Proposed planning fee increases could help local planning services address capacity, recruitment, and performance challenges, which the RTPI says threaten the Government’s goals to boost home ownership and level up.
However, these increases may not come soon enough for councils with scheduled staffing cuts, according to Royal Town Planning Institute (RTPI) evidence released today.
Heads of planning services within the RTPI’s consultation response believe the fee increase coming in 2024 to be too late. Some councils have already scheduled staffing cuts for the 2023-24 financial year.
The RTPI states that a 35% fee increase for major applications and a 25% increase for all other applications would constitute an above-inflation rise. RTPI members expect these increases to help local planning services overcome capacity, recruitment and performance challenges.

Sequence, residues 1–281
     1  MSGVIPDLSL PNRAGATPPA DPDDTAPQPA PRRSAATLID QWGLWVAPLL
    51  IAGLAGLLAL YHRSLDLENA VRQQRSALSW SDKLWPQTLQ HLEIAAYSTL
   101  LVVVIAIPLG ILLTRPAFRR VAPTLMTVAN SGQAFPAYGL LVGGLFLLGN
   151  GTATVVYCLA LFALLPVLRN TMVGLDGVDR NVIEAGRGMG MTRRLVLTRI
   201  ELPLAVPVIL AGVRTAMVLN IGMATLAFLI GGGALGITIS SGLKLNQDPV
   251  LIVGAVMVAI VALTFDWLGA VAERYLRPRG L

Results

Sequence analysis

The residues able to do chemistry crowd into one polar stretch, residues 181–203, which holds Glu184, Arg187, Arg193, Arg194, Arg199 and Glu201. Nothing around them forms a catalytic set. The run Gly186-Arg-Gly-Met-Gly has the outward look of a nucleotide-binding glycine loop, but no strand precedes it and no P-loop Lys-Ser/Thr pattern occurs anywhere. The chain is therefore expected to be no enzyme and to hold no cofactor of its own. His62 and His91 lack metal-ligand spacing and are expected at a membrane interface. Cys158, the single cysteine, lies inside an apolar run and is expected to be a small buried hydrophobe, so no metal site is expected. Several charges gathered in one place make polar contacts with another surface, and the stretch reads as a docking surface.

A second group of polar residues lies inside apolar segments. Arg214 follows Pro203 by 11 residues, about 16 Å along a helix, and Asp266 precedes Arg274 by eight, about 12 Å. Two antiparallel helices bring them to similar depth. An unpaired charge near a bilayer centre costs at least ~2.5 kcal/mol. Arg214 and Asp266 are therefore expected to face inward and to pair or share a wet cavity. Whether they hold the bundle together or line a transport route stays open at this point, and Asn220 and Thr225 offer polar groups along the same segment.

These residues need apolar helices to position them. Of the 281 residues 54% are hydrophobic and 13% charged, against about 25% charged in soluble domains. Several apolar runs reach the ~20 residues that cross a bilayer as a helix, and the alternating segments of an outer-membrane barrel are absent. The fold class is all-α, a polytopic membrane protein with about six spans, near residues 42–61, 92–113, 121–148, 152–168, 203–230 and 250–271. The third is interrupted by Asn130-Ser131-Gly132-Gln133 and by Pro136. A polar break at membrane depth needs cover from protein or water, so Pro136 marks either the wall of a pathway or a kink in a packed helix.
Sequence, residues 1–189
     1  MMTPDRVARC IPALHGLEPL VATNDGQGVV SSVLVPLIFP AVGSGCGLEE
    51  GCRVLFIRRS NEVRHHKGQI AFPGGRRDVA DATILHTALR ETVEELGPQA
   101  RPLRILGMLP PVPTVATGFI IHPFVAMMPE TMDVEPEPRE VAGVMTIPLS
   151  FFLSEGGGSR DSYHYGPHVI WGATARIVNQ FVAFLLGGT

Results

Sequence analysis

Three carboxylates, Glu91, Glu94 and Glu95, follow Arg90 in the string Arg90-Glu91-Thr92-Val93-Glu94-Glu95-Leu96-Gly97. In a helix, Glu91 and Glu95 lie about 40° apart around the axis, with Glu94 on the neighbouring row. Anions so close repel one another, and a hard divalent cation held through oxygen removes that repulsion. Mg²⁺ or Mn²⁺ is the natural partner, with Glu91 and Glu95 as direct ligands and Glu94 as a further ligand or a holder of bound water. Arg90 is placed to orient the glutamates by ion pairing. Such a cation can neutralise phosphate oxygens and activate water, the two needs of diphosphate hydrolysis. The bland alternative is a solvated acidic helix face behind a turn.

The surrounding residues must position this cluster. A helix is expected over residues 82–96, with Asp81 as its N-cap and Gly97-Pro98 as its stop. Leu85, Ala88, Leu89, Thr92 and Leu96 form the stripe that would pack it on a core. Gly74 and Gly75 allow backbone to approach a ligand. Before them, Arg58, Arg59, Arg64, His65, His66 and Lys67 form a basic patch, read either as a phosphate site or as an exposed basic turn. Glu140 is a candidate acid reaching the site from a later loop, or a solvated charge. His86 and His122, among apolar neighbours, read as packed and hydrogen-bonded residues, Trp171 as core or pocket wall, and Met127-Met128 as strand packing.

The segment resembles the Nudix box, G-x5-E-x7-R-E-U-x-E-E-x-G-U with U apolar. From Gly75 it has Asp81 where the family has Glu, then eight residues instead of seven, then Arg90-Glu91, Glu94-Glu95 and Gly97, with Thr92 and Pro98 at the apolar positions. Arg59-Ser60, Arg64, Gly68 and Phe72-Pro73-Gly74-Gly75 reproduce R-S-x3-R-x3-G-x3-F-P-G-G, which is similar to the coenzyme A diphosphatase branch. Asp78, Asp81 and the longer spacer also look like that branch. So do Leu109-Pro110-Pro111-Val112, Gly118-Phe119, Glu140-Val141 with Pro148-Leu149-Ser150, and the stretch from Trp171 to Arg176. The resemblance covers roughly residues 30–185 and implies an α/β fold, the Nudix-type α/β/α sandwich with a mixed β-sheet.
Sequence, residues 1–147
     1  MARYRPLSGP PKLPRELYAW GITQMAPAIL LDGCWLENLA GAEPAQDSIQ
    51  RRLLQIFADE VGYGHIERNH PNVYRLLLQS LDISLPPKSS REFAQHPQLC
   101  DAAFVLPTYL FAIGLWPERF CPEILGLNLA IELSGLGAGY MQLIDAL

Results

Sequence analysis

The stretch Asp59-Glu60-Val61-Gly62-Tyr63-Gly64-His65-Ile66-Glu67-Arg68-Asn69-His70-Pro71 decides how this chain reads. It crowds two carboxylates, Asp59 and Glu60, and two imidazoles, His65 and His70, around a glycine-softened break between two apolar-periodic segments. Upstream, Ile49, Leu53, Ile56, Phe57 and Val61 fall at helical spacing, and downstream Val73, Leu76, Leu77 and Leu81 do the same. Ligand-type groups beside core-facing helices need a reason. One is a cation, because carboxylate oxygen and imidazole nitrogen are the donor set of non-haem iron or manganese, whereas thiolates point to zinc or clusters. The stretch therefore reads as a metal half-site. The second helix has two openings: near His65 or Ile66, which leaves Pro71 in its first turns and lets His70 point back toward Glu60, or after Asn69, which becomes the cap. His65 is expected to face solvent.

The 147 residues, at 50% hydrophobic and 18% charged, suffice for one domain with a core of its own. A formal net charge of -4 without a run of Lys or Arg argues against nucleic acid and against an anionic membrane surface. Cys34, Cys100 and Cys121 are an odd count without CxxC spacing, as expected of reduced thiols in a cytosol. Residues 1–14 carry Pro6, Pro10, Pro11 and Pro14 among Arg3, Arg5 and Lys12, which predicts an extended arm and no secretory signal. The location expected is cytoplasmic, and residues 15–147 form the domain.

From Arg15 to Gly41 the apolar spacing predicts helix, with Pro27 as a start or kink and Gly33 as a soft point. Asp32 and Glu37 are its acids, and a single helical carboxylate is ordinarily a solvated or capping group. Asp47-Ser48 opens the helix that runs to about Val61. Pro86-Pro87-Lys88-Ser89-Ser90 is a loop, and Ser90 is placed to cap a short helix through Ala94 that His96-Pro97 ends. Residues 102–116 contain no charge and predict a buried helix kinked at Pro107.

To avoid future financial cliff edges, the RTPI has urged the Government to safeguard these potential gains by annually adjusting fees in line with inflation and allowing councils to “ring fence” this additional income for planning service provision.
Richard Blyth, Head of Policy Practice and Research at the RTPI said, “Our members have previously warned that capacity, recruitment and performance are threats to the government’s ambitions to strengthen our plan-led system, boost home ownership and level up. We believe that increased planning fees will provide crucial assistance to local planning authorities in urgent need of support.
“However, while increased fees are an important first step, we do not see them as a silver bullet to meeting the capacity requirements. We’ve also encouraged Government to address the fundamental questions on how our planning system will ensure good – not just fast – decisions in the public interest.
“Proposals to collect better data on local planning authority performance in England are a positive step. The RTPI will continue to advise Government on how improvements in ‘customer experience’ should help the entire community, not just developers.”
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